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'Historic Day' As Patterson Takes Oath In Charles

Commissioner Says She'll Dedicate Herself to Youths

By Joshua Partlow
Washington Post Staff Writer
Thursday, January 27, 2005; Page SM01

Before a crowd of more than 300 people in La Plata, Democrat Edith J. Patterson took the oath of office this week as a Charles County commissioner, making her the first black to serve on the board.

The ceremony Monday morning in the Government Building's auditorium attracted throngs of Patterson's relatives, friends, former sorority sisters and strangers who turned out to witness what state Sen. Thomas M. Middleton (D-Charles) called a "wonderful, historic day." Looking out over the predominantly black audience, Middleton told Patterson that "there's a whole lot of folks that are counting on you."


Edith J. Patterson, Charles County's first black commissioner and seventh female board member since 1885, at Tuesday's meeting. (Mark Gail -- The Washington Post)

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Full Report

"You have the added job to represent the African American community here in Charles County," he said. "It's time for your appointment."

The crowd erupted in a standing ovation as Patterson finished taking the oath, which was administered by Richard A. Day III, clerk of the Charles County Circuit Court.

Patterson, 59, was chosen by the county's Democratic Central Committee to fill a vacancy created by a series of changes on the board. They started with the departure of former commissioners president Murray D. Levy (D-Charles), who became a state delegate. Then Commissioner Wayne Cooper (D-White Plains) was named to the president's post, and Patterson filled his district seat.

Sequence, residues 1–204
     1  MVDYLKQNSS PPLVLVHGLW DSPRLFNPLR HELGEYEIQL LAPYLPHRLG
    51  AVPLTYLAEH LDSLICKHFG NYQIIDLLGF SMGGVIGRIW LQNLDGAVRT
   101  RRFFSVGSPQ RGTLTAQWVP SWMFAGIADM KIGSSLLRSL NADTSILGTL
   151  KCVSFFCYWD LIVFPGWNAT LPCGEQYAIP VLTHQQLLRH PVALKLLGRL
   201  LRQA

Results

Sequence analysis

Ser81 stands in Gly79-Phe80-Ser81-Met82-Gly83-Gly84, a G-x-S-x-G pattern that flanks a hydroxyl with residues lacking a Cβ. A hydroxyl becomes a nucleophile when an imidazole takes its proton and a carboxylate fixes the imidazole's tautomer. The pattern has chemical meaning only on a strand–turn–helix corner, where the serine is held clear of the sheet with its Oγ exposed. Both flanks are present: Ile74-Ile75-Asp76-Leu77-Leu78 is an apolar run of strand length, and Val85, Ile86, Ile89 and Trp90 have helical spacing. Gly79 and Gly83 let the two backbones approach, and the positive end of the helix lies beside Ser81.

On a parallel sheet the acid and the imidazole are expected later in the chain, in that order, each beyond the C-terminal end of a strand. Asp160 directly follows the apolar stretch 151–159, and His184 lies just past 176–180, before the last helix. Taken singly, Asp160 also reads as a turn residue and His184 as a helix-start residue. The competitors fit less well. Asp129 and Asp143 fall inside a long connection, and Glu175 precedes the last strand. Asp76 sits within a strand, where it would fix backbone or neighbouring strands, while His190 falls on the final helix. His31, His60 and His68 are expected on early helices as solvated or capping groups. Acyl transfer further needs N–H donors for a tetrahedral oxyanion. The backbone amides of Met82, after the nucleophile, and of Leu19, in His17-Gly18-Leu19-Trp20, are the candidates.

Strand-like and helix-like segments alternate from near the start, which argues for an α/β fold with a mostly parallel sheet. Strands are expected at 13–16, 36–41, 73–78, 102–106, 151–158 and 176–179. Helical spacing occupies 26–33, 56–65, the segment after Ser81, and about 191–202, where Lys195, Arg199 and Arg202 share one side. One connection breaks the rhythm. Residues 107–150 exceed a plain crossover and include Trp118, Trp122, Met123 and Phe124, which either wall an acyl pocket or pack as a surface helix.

The Pomfret resident directs the College of Southern Maryland's Educational Talent Search Program, which counsels low-income and minority students. She has also served 12 years on the Board of Education, becoming its chairman in 1996, her final year. During her swearing-in, she asked the school-age children in the audience to stand.

"My office is dedicated to the young people of Charles County, and for you I hope to serve as a very positive role model," she said.

Patterson grew up the seventh of eight siblings in a home about 20 miles north of Richmond. After attending a segregated elementary school, she went on to graduate from Virginia Union University, becoming the first person in her family to get a college degree. She later added a master's degree and a doctorate in higher education administration. In her speech, she alluded to the "unimaginable obstacles" she has encountered and thanked several of Charles County's civil rights leaders for their tutelage.

Patterson's selection also makes her the only woman on the five-member board and one of just seven female commissioners since 1885.

She has said that addressing the shortage of affordable housing and alleviating rural poverty in western Charles are among her priorities.

On Monday, she said she wanted to make Charles County "a place where all citizens feel safe, . . . a place where citizens will have a chance to dwell in a warm, sanitary home and drink clean water, . . . a place where we can help the uninsured, the underinsured and underserved populations."

Many of those in attendance said Patterson represents an opportunity for change in a county where a growing black community now makes up just under one-third of the population. Rosa Blair, the vice president of the Charles County branch of the NAACP, said she hopes Patterson will push for more minority representation among teachers and administration in the school system.

"When you look at the central office and the powers that be, we are not represented," Blair said. "I know she can't move mountains, but I hope she has some impact."


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